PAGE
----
“We also have blockchain technology that looks at our digital currency, which offers significant benefits to the BVI, which are paramount to the Territory. We welcome this innovative technological advancement with open arms,” Hon. Fahie added.

Back in April the Premier and Minister of Finance explained that the partnership with the company,, was for the purposes of providing Rapid Cash Response in the event of an emergency, and also creating an alternative digital currency payment method for facilitating ongoing financial transactions across the network of islands.”

“The implementation for the BVI will allow island residents to download the LIFEwallet® app on either Apple iOS or Google Android mobile devices, accessing an account that can have funds deposited into it whenever a disaster strikes. For users who do not currently have smart mobile devices LIFE will provision for digital currencies to be sent and received via SMS. The wallet app can also be used for peer-to-peer (P2P) transactions, or in daily commerce, purchasing essential goods and services from local businesses,” the announcement in April stated.

Should the Territory Pay Heed to International Concerns?

In its coverage of the digital currency Bloomberg, this week, likened the Territory’s announcement to that of the Republic of Marshall Islands (RMI). The article said, “In creating its own coin, it is following countries such as the Marshall Islands.”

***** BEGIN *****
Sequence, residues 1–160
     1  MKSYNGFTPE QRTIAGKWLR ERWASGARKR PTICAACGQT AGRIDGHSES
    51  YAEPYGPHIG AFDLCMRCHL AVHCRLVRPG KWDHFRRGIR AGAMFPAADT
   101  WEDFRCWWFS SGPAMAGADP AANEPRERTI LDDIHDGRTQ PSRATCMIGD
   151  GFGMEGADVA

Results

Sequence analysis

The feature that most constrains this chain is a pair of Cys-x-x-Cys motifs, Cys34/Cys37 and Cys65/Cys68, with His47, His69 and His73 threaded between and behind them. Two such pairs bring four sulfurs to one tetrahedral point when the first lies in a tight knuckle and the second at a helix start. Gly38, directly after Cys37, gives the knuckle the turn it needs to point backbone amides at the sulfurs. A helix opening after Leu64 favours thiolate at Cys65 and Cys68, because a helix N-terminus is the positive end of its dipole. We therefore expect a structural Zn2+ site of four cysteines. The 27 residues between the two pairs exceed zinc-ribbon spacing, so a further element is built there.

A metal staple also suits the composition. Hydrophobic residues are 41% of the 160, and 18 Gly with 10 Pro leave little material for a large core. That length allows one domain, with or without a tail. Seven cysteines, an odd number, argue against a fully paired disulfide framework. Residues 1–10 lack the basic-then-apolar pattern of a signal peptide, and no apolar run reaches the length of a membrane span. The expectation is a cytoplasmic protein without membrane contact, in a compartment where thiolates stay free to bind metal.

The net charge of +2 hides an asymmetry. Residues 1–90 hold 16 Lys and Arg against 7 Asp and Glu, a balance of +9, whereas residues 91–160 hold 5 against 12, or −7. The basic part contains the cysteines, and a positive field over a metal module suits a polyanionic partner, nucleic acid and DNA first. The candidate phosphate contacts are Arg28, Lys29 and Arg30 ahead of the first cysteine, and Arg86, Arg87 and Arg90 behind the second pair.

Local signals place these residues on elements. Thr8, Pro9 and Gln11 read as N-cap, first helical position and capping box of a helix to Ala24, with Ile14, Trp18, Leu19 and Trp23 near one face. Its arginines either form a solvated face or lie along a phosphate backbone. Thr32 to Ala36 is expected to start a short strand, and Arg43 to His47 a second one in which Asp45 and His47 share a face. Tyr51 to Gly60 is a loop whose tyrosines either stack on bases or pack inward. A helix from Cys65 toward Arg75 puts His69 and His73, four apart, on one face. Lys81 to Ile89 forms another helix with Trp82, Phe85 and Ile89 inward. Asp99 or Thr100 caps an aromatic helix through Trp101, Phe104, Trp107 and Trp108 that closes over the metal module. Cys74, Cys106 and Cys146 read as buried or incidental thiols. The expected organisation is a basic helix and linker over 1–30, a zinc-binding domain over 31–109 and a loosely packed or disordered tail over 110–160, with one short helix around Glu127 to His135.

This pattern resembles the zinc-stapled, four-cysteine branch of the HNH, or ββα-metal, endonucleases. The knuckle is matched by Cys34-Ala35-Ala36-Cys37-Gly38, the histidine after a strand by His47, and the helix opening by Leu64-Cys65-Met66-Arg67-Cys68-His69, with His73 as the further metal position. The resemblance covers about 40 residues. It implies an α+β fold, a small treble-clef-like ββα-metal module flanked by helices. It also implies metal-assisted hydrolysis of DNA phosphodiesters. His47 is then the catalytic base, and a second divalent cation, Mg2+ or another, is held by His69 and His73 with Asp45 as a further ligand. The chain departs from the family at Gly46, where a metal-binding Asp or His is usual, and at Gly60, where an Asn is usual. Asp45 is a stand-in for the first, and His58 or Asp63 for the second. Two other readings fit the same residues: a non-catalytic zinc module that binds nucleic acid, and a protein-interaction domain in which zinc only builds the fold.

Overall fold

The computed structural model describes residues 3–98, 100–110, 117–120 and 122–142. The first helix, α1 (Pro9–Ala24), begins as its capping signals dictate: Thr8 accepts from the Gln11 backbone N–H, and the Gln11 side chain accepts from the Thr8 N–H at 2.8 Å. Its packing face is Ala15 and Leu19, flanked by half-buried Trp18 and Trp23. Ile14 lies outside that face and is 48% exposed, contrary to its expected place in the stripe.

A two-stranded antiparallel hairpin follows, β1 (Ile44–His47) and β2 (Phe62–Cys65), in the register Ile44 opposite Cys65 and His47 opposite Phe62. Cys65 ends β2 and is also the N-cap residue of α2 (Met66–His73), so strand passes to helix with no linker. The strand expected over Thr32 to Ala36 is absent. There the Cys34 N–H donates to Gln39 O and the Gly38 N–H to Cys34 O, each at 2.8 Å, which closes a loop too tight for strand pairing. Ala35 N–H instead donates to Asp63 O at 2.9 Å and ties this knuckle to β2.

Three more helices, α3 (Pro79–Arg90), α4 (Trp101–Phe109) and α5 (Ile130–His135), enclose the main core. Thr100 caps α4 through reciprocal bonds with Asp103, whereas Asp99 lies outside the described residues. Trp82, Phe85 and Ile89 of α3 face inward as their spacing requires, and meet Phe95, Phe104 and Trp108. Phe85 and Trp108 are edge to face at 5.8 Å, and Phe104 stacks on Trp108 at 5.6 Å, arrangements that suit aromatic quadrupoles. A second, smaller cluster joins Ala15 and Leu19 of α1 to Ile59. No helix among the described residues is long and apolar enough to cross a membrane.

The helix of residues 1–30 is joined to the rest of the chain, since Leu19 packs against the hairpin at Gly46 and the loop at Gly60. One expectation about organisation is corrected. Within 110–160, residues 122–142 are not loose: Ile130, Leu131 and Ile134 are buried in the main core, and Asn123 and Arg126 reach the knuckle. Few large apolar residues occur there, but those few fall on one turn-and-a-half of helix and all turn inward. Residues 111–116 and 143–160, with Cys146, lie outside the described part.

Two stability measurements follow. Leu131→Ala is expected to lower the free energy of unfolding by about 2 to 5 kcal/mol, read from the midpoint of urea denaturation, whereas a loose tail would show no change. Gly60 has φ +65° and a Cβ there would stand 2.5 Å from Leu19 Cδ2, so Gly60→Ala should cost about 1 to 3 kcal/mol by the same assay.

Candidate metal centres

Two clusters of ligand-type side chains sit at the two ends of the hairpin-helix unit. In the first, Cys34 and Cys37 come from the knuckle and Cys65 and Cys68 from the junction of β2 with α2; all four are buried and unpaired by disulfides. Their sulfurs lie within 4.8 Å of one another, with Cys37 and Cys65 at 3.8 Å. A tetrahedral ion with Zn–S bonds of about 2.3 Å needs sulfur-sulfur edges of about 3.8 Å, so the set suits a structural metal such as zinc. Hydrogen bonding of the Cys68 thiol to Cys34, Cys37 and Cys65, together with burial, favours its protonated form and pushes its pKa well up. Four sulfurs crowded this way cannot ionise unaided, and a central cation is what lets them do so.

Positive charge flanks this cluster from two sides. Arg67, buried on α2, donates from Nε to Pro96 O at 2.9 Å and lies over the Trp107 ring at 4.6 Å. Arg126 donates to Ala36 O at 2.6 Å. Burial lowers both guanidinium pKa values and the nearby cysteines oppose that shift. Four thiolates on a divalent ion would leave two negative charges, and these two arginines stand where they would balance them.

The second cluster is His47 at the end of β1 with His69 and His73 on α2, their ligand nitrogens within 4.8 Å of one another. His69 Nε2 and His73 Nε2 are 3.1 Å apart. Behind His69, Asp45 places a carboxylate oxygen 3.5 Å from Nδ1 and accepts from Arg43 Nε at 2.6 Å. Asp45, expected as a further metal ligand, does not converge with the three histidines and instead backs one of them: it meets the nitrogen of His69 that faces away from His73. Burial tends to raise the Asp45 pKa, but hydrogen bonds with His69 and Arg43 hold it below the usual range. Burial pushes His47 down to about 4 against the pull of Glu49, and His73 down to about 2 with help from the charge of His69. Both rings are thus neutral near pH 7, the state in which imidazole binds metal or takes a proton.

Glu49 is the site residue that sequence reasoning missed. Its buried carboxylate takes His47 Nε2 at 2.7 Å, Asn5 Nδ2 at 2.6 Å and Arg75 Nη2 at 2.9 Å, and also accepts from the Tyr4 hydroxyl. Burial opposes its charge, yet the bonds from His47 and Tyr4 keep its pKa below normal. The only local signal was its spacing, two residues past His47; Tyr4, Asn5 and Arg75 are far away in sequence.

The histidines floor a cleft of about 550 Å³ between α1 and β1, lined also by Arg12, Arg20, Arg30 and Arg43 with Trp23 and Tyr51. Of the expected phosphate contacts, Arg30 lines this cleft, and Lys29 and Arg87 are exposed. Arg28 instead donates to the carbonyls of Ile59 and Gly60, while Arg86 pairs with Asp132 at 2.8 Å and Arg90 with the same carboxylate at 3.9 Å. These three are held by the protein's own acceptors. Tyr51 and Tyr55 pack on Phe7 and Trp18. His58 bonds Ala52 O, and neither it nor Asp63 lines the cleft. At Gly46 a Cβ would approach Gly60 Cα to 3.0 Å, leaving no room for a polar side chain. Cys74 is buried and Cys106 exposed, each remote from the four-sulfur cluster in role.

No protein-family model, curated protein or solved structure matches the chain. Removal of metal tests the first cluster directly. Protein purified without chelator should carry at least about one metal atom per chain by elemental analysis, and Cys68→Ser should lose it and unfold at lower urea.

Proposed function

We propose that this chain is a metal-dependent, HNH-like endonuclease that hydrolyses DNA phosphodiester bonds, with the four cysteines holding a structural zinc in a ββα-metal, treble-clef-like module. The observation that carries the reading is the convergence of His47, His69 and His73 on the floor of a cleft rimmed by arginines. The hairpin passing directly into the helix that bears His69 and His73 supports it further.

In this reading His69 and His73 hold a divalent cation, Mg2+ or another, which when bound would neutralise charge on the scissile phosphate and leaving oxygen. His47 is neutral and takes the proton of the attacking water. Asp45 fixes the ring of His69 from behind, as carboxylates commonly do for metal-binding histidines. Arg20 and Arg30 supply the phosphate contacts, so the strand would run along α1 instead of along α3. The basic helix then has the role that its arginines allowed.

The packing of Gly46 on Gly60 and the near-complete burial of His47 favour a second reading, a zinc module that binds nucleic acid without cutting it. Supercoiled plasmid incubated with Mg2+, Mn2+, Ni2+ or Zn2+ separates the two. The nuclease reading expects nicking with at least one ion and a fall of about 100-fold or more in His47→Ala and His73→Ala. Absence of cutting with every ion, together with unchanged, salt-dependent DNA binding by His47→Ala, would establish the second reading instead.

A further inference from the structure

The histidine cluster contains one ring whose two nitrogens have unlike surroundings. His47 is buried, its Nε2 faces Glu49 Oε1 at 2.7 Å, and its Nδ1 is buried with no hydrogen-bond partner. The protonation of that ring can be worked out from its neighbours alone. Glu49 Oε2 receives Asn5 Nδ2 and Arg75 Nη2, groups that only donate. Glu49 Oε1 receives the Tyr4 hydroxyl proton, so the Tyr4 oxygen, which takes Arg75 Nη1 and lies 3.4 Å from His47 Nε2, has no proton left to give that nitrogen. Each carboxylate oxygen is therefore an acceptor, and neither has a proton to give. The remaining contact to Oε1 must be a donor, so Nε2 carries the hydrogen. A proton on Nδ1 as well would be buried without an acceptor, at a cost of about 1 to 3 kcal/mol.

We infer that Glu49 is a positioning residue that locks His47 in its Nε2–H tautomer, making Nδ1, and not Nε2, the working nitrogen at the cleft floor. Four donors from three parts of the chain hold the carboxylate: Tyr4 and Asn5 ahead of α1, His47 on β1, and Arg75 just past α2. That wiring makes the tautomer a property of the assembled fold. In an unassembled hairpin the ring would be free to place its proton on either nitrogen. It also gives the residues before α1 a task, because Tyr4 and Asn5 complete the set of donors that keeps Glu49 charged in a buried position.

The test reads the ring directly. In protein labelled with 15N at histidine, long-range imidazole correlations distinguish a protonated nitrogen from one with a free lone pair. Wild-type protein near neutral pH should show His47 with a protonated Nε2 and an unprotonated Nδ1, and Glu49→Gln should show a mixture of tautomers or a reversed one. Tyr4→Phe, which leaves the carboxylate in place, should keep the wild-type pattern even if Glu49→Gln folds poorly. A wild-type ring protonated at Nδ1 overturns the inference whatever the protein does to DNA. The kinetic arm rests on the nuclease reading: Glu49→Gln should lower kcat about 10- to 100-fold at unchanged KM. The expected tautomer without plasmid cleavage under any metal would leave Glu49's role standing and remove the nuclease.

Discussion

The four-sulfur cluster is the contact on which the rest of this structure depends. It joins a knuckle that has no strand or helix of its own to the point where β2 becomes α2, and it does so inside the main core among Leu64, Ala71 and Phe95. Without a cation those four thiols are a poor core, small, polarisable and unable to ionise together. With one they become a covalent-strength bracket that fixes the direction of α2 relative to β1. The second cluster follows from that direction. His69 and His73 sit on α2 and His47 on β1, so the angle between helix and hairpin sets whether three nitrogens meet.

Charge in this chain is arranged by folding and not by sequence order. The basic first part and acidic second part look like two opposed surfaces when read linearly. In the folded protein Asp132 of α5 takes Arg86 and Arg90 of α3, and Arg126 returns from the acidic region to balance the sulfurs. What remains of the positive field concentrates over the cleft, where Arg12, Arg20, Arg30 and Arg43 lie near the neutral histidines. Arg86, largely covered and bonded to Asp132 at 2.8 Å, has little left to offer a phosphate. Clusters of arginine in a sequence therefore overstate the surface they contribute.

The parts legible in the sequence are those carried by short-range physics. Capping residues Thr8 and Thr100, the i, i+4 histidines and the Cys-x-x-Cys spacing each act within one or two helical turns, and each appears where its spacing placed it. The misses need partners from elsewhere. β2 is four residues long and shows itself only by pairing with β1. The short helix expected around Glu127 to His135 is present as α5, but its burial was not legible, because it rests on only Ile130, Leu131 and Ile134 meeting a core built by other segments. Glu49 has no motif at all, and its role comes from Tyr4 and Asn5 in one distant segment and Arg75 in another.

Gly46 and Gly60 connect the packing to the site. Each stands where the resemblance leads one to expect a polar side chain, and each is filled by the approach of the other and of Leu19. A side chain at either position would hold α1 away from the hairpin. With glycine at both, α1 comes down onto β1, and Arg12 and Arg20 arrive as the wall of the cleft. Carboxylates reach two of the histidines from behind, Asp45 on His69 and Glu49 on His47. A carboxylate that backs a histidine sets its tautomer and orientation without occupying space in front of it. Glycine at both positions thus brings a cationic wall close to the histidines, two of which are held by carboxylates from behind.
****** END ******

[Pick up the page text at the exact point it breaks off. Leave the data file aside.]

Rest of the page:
This reference to the Marshall Islands is interesting considering that similar to the British Virgin Islands that country uses the United States Dollar as its currency. However, upon announcement of its cryptocurrency the RMI attracted a warning from the International Monetary Fund (IMF).

In 2018 when the Republic of the Marshall Islands announced that it intended to launch a national cryptocurrency (“SOVEREIGN” or “SOV”), the IMF in a Selected Issues paper that was completed on 10 August, 2018 warned, “The issuance of the SOV would put the RMI into largely uncharted territory for financial regulation and monetary policy. The SOV Act was passed at a time when there is little certainty regarding the best regulatory approach to virtual currencies/crypto assets.”

IMF Raises concern for Marshall Islands Move

The IMF also raised concern that the cryptocurrency was proposed to be a second currency and mentioned that this could result in a dual currency system. “The SOV is also intended to be the RMI’s second legal tender, thereby raising problems of macroeconomic management under a dual currency system. The law declares the SOV as legal tender of the RMI for all debts, public charges, taxes and dues. It also amends the General Fiscal Matters Act (which identifies the U.S. dollar as the RMI’s legal tender) with the addition of a reference to the SOV as legal tender of the RMI alongside the U.S. dollar,” the IMF report said.